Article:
High cholesterol: The main factor during a workout that can reduce bad cholesterol

High cholesterol: Nutritionist reveals top prevention tips

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When you begin a workout, do you have a goal in mind? Do you plan on exercising for a specific amount of time? Is there a certain distance you want to travel? Does any of it matter when it comes down to cholesterol levels? Reviewing 13 studies, and two clinical reviews, a team of researchers wanted to find out the optimal frequency, intensity and duration of exercise to improve cholesterol levels. The researchers identified a linear relationship between activity levels and the number of “good” high-density lipoprotein.

HDL cholesterol picks up “bad” low-density lipoprotein cholesterol and transport it to the liver where it’s broken down and excrete from the body.

However, in order for the number of LDL cholesterol to significantly reduce, aerobic exercises needed to be done at “high intensities”.

The hypothesis goes as follows: the more calories burned off, the more bad cholesterol was reduced – regardless of the type of activity.

High-intensity activities, which will all be beneficial, include:

  • Jogging
  • Running
  • Swimming fast
  • Cycling fast
  • Walking up the stairs
  • Football
  • Rugby
  • Netball
  • Hockey
  • Skipping rope
  • Aerobics
  • Gymnastics
  • Martial arts

The NHS added information on High Intensity Interval Training (HIIT), which is where vigorous activities are performed in short bursts. Examples include:

  • Lifting weights
  • Circuit training
  • Sprinting up hills
  • Interval running
  • Running up stairs
  • Spinning classes

Citing some of the research included in the review, 12 weeks of aerobic exercise caused bad cholesterol to fall by five percent.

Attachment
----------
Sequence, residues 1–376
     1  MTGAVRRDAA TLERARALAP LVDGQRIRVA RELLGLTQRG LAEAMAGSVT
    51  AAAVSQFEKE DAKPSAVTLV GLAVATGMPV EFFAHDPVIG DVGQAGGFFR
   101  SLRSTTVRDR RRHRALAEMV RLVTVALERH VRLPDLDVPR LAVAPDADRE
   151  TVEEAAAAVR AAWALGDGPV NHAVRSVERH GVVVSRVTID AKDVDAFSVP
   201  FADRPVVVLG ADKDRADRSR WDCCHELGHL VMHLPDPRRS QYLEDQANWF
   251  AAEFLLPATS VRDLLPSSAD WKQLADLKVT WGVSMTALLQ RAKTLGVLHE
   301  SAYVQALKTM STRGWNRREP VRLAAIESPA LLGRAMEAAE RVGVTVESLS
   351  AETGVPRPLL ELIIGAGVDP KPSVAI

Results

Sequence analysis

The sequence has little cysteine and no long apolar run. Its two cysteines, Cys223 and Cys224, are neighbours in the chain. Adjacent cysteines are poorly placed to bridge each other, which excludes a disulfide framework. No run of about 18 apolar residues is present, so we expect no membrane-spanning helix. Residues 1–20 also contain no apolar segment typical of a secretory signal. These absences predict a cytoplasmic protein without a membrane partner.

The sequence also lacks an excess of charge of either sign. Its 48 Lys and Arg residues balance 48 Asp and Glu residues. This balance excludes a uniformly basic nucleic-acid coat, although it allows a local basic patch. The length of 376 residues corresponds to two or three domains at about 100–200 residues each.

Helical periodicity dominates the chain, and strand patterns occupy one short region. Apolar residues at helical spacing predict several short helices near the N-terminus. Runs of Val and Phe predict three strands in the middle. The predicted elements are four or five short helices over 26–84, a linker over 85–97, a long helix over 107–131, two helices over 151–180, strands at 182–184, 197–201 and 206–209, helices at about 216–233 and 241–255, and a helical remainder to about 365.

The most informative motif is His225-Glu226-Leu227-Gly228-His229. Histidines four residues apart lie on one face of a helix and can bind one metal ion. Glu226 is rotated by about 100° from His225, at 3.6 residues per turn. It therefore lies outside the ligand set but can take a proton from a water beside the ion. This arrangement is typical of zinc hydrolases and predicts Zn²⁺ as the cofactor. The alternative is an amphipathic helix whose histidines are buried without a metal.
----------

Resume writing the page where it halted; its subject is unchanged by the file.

In addition, the same trial involving 4,700 people also found that three months of aerobic exercise increased the number of good cholesterol by 4.6 percent.

As well as incorporating exercise into your lifestyle, there are other ways to help lower cholesterol levels.

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The British Heart Foundation (BHF) highlighted the importance of what you eat.

Everyone is encouraged to eat less saturated fat, which is rife in fatty and processed meat, pies, pastry, butter, cream, and coconut oil.

Simple swaps can include changing from butter to olive, sunflower or rapeseed spread.

Another tip is to change from whole milk to skimmed milk, or to use natural yogurt instead of sour cream or double cream.

If you’re a meat eater, replace regular mince with leaner, lower-fat options.

In addition, trade red or processed meat for fish, turkey or chicken, or plant-based proteins, such as lentils, soya or Quorn.

As for toppings, opt for reduced-fat cheese rather than regular cheese, and if you’re feeling peckish, choose unsalted nuts instead of crisps.

“Eating high-fibre food can also help to lower your cholesterol,” added the charity.

“Fibre helps reduce the amount of cholesterol that is absorbed into the blood stream from your intestine,” it explained.

Fruits and vegetables contain fibre, so try to ensure you’re eating at least five portions every day.

In addition to exercising daily, and eating healthier, all of this good work can be undone by smoking.

This is why being a non-smoker is crucial to lowering your cholesterol levels.

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